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"A stranger, ignorant of the trade,
For where's the middle, where's the border?
Quoth Dick, "My work is yet in bits:
But still in every part it fits:
Why, man, that carpet's inside out."
Says John, "Thou sayest the thing I mean,
This world, which clouds thy soul with doubt,
66 As when we view these shreds and ends,
"No plan, no pattern, can we trace;
"But when we reach the world of light,
"What now seem random strokes, will there
Then shall we praise what then we spurned,
For then the carpet will be turned."
"Thou'rt right," quoth Dick, "no more I'll grumble
That this world is so strange a jumble;
My impious doubts are put to flight,
own carpet sets me right."
WHAT IS TIME?
I ASKED an aged man, with hoary hairs,
Sages who wrote, and warriors who bled;
Of life had left its veins; "Time!" he replied;
I've lost it! ah, the treasure!"—and he died. I asked the golden sun and silver spheres, Those bright chronometers of days and years ; They answered, "Time is but a meteor glare," And bade me for Eternity prepare.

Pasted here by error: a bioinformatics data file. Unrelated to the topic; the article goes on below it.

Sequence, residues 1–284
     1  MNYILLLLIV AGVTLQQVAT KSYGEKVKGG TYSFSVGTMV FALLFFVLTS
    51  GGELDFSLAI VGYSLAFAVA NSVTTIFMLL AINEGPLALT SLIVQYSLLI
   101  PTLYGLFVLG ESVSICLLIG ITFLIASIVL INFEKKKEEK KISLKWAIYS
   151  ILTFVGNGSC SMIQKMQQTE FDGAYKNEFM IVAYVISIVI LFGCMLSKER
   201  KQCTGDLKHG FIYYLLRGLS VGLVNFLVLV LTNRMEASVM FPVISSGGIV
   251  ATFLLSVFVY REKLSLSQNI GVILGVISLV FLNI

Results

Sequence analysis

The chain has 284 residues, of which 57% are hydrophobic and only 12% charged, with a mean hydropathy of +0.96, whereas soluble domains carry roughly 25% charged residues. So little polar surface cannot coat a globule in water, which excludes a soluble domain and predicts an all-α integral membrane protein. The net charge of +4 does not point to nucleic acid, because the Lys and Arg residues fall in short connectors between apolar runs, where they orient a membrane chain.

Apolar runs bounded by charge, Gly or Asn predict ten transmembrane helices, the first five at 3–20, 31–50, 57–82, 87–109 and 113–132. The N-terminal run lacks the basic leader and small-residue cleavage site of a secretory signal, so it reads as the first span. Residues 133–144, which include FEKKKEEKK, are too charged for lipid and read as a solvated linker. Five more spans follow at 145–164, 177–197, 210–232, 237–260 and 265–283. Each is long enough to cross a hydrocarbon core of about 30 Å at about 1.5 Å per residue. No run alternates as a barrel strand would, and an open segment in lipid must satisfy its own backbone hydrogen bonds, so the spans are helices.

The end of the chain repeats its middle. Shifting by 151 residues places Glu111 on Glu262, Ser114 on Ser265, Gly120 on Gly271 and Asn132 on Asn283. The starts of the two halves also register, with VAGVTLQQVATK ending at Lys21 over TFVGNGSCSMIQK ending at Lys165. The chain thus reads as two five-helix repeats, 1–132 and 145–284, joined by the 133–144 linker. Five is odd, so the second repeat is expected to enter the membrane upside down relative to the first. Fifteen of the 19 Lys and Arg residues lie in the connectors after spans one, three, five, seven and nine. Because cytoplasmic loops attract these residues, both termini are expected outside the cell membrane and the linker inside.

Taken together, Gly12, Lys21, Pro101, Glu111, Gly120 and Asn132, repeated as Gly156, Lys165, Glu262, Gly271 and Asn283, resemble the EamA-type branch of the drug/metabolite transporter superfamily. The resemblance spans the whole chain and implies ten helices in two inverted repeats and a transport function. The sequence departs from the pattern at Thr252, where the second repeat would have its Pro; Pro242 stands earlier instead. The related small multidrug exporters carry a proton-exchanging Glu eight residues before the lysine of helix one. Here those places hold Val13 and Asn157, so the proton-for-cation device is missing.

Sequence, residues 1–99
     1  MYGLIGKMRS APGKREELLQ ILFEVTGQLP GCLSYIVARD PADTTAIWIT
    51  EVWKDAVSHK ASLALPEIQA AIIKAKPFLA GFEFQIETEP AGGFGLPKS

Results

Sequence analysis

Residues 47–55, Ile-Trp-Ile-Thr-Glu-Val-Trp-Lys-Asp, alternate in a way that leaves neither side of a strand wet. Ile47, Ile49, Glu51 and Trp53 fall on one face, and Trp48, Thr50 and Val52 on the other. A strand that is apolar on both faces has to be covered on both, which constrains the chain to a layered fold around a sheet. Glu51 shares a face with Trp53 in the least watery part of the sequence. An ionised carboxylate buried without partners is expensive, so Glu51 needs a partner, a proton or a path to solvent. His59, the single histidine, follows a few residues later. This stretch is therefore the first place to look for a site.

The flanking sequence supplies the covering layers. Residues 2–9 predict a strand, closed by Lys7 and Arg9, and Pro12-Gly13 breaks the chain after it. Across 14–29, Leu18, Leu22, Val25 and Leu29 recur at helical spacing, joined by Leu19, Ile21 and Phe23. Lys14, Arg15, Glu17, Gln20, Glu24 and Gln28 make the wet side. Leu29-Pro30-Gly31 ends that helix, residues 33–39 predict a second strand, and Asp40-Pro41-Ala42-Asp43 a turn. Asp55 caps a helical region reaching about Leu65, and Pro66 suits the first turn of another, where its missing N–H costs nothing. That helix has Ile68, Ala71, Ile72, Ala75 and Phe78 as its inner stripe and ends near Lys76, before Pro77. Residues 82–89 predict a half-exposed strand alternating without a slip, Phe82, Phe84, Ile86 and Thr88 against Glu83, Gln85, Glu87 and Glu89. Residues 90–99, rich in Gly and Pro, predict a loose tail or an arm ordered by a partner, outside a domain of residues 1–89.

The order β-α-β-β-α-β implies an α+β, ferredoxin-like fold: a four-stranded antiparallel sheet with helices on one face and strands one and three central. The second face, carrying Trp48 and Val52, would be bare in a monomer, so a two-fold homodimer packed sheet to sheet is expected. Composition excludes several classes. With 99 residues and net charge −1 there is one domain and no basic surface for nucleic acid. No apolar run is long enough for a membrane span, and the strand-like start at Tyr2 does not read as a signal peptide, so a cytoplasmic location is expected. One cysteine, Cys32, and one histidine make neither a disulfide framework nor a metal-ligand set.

I asked the Seasons, in their annual round
""Tis Folly's blank, and Wisdom's highest prize!"
Consulted, and it made me this reply,—
I asked Old Father Time himself at last;
THE PAUPER'S DEATH-BED.
BY MRS. SOUTHEY.
TREAD Softly-bow the head-
No passing bell doth toll,
Yet an immortal soul
Is passing now.
Stranger! however great,
With lowly reverence bow;
Beneath that beggar's roof,
Lo! Death doth keep his state;
Enter-no guards defend
This palace gate.
1 See Rev. X.
That pavement, damp and cold,
No mingling voices sound-
A sob suppressed—again
That short deep gasp, and then
The parting groan.
Oh! change-oh! wondrous change
Burst are the prison-bars,
This moment there, so low,
So agonised, and now
Beyond the stars!
Oh! change-stupendous change!
There lies the soulless clod:
The sun eternal breaks
The new immortal wakes
Wakes with his God.